- 20 Megahertz crystal oscillator
- 2 7-20pf capacitor
- Black & red wires
- >7.2 volt battery
For use with a higher voltage supply, you will need to use a voltage
regulator to convert the higher voltage to 5v. Typically a 7805 is used. Look up
the datasheet by searching Google “7805 voltage regulator”.
If you don’t know how these materials work or what they look like, look it up
- Insert PIC on breadboard. Refer to pin diagram above for pin numbers. To
prevent confusion, orient the PIC so the dimple on top faces the same way as the
- Connect breadboard side strips - power to power (red strips), ground to
ground (black strips. Just like the bottom 2 wires below. Those strips are now
referred to as “power” & “ground”.
- Power to Pin 1 (Vpp) – red wire (connected via 47k Resistor in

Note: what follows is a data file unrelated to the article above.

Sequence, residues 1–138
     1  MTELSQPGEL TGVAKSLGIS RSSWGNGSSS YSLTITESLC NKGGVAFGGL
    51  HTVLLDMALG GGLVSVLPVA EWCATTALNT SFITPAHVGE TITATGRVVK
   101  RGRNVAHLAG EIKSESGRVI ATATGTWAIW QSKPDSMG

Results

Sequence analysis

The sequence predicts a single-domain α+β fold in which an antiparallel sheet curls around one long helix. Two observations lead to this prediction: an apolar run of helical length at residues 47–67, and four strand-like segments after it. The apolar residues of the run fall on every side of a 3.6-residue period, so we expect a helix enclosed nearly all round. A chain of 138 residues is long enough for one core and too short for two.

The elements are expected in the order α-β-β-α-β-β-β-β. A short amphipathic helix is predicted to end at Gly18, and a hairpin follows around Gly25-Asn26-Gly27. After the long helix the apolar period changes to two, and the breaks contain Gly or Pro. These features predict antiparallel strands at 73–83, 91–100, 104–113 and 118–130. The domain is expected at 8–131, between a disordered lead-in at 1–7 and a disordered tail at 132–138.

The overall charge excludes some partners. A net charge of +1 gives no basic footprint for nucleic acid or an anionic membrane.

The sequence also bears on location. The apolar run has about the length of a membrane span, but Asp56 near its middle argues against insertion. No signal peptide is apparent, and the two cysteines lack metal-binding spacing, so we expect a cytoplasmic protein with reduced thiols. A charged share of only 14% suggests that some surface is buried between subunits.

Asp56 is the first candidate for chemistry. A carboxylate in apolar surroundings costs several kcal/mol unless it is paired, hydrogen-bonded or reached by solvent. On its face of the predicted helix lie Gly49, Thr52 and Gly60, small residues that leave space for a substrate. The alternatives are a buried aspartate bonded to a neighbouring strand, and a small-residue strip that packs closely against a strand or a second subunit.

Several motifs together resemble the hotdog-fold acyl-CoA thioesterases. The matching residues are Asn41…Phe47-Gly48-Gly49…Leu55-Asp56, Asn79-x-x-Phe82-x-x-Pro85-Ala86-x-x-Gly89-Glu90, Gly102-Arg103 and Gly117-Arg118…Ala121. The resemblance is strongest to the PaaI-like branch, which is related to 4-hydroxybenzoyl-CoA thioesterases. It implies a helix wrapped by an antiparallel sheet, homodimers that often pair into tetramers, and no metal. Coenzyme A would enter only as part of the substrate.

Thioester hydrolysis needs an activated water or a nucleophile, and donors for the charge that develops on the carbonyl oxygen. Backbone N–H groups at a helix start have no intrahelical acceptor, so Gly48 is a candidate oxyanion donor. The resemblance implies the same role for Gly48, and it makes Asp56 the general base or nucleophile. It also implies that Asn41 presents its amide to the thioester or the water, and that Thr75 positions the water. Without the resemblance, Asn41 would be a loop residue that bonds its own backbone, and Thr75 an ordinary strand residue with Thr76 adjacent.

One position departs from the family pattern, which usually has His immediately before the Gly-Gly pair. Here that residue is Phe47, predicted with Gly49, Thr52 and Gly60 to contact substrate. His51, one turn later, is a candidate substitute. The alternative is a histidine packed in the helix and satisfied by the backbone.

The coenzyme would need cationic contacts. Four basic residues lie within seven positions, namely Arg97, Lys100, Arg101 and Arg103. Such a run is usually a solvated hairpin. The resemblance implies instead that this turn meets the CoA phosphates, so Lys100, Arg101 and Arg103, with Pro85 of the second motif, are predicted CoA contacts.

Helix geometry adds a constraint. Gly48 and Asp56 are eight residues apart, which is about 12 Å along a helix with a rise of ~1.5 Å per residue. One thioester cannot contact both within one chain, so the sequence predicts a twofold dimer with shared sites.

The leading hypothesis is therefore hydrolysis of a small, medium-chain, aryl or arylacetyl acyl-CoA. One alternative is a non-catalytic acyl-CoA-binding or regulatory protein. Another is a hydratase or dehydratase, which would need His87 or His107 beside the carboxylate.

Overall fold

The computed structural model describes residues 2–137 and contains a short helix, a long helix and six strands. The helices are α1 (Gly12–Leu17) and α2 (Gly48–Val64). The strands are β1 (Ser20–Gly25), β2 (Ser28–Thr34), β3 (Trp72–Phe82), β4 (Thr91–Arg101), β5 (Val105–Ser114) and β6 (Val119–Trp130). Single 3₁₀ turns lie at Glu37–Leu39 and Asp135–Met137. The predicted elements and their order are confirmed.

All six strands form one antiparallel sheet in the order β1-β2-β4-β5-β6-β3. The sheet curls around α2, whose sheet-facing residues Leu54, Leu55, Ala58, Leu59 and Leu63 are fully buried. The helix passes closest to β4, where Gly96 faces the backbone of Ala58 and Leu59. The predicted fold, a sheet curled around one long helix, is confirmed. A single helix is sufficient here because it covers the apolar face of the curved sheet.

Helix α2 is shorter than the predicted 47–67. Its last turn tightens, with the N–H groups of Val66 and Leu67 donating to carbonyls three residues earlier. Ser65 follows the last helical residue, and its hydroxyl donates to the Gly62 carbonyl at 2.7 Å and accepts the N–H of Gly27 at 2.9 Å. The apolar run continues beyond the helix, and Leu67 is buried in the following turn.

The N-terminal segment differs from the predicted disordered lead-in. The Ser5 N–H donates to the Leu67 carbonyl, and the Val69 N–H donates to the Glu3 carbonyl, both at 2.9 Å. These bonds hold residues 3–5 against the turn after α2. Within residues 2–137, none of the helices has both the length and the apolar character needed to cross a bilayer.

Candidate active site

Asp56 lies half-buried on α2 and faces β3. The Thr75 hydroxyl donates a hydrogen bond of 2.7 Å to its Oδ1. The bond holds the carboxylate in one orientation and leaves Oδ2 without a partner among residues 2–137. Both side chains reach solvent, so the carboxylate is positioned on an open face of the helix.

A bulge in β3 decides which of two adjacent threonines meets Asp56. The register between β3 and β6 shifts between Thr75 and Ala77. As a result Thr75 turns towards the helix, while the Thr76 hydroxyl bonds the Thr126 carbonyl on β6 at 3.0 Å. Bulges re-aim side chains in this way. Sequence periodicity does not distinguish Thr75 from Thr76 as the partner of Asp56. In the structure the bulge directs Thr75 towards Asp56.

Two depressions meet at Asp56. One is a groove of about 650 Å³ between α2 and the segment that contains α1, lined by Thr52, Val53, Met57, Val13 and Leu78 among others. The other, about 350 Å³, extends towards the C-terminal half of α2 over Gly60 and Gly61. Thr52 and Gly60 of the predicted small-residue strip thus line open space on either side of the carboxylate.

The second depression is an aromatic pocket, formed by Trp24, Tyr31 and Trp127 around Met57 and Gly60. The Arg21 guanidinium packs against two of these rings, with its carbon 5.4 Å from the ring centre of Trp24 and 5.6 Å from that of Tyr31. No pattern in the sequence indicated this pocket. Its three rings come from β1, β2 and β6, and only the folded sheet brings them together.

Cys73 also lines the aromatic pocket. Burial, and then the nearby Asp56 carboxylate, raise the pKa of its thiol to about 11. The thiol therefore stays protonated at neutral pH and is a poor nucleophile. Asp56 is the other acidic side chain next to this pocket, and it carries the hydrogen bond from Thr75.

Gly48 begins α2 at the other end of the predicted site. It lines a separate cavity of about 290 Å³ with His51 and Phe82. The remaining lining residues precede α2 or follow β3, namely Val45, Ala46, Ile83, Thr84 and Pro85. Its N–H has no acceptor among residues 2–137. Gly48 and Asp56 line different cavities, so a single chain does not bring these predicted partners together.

- Power to Pin 11 (Vdd) – red wire
- Ground to Pin 12 (Vss) – black wire
- Power to Pin 32 (Vdd) – red wire
- Ground to Pin 31 (Vss) – black wire
- Crystal Oscillator to Pins 13 & 14 (OSC1, OSC2), the polarity doesn’t
matter. (polarity = which of the 2 wires goes in which hole).
- Capacitor into power & ground – make sure the polarity is correct according
to the datasheet for the capacitor. If not it could damage the circuit.
- Ground to battery ground (-) – black wire.
- Power (red) to battery power (+) – red wire. Or, solder that wire to a
switch & run another wire from the switch to battery power, so you can switch
the power on & off.
If using voltage regulator:
- raw battery power wire goes into voltage regulator input.
- breadboard ground strip goes to battery ground.
- voltage regulator output wire (+5 volts) goes to breadboard power strip.
- voltage regulator ground wire goes to breadboard ground strip.